7. You run your blog from the road, so I’m curious how you balance blogging with traveling with family full-time?
In addition to traveling and blogging, I also work a full-time job! So yes I’m pretty busy, but that fits my personality. I love to work, and I love my job, so I’m happy to log on every day, and I spend a lot of my free time before and after my regular work hours working on my blog.
As I mentioned, my husband does most of the homeschooling, and we get lots of family time because we are always together.
On the weekends and in the evenings we make sure to explore the location we’re in, and I’m an ultra-organized planner, so that helps us keep track of everything.
8. What have been some of the biggest challenges you’ve faced while traveling full-time as a family? How have you overcome them?
The biggest challenge was just making the decision to go — to pull kids out of school, to sell our house, to leave our town.
After we discovered how awesome full-time traveling is, we never looked back. The pandemic has been a big challenge because we had plans to travel overseas that have been pushed back an entire year, and in the meantime, we’ve just kept traveling within the US.
We want to make sure we’ve done all the traveling we want to do before we settle down again, so we’re kind of just biding time now, but we’re doing it in all of our favorite locations and some new ones.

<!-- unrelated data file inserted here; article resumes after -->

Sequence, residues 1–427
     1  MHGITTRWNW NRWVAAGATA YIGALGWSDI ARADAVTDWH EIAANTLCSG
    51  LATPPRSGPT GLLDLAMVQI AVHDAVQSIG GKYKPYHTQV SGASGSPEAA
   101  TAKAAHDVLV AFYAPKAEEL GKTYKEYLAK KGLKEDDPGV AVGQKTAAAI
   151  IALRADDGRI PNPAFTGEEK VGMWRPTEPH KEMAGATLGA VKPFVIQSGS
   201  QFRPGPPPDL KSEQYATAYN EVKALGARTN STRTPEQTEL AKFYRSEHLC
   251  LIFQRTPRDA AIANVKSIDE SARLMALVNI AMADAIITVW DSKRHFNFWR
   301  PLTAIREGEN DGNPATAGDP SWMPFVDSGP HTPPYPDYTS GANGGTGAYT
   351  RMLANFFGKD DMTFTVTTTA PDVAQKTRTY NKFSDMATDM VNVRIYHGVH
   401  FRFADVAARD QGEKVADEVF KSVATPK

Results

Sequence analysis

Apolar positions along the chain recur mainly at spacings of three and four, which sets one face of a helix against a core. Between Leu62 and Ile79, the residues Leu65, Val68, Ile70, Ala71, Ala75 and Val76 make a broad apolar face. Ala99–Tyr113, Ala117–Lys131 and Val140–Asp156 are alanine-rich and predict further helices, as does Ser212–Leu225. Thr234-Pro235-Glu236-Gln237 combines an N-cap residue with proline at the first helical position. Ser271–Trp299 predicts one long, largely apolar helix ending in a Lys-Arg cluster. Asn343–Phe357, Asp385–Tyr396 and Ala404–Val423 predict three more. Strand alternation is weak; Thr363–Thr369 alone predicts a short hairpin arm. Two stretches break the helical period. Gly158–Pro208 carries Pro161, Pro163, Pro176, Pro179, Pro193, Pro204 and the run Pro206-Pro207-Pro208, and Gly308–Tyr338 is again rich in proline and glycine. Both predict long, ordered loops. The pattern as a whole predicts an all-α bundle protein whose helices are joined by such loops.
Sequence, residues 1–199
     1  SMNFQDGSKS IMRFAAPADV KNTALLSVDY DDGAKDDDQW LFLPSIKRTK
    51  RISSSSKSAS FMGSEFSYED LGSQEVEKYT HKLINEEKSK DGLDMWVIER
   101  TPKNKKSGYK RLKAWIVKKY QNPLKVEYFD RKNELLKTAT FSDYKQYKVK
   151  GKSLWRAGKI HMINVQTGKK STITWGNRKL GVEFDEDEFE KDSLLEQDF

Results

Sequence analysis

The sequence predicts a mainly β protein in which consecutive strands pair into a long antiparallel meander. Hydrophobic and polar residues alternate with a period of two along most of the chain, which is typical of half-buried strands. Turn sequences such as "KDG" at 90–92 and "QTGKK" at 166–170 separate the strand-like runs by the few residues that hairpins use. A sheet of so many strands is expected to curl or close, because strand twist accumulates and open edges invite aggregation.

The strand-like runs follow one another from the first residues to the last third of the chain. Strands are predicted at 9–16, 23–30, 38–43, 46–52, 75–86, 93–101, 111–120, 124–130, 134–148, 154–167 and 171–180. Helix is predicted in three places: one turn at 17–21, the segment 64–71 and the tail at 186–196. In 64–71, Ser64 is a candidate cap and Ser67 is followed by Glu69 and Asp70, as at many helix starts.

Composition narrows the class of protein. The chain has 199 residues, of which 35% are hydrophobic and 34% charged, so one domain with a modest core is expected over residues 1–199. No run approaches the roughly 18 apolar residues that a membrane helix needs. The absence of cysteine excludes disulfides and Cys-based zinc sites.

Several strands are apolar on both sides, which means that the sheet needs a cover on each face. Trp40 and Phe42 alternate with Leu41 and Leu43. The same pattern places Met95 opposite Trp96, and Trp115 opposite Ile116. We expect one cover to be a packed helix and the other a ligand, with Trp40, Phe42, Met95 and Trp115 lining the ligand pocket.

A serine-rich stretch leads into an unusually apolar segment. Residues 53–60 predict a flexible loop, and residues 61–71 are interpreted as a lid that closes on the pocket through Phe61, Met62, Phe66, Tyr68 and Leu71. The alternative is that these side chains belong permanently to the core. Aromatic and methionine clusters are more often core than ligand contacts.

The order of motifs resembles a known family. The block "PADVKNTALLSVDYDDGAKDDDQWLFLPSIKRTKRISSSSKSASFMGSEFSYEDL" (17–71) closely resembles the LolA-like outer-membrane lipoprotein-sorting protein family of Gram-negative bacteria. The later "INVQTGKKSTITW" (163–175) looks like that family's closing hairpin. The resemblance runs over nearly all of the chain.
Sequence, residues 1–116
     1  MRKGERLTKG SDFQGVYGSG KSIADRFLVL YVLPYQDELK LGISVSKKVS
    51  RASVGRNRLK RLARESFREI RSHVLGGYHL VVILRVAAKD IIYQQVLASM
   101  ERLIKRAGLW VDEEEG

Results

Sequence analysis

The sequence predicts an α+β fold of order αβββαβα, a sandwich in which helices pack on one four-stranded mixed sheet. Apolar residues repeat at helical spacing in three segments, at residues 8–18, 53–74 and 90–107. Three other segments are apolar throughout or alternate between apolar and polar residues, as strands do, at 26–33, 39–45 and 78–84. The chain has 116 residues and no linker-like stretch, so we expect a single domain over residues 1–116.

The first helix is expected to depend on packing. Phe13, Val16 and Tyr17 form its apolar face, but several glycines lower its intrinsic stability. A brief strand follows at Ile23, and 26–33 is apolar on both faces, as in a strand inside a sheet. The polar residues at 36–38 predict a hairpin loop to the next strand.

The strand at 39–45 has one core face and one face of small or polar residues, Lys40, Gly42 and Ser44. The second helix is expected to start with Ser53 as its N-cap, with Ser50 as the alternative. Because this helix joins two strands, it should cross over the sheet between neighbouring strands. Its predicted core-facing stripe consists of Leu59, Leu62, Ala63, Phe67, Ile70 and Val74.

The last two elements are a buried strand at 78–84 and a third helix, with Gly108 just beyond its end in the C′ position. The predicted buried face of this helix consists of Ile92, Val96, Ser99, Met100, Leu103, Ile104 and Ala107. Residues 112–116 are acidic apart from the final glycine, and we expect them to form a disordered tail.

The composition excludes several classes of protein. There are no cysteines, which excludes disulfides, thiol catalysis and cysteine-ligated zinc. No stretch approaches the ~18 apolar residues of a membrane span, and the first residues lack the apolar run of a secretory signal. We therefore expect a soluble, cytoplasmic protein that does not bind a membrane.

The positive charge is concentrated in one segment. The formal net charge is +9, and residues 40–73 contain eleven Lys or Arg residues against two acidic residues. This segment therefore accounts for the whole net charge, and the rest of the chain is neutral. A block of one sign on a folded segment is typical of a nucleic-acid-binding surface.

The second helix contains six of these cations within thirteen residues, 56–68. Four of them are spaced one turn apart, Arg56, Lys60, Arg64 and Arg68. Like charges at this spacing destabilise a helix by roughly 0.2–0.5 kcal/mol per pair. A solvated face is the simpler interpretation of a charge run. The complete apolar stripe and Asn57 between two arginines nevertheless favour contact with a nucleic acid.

9. What is one of your favorite short travel stories from the road that really exemplifies your perfect moment traveling as a family?
I love this question because I could share some very polarizing examples of what full-time family travel looks like!
We’ve had lots of incredible experiences, such as the day we gathered on the beach in south Texas to watch a rehabilitated sea turtle return to the ocean…and then there was the day we sat in non-moving traffic for seven hours because of an accident on the highway.
A lot of days are very normal for us — we do work and school, cook meals, clean the house, etc. And then some days we are touring the White House or hiking the Appalachian Trail.
Recently we were traveling through Kansas, and my husband had our three oldest kids gathered in a corner of the hotel room, reading scenes from Romeo and Juliet and then watching a few different versions of the play on YouTube.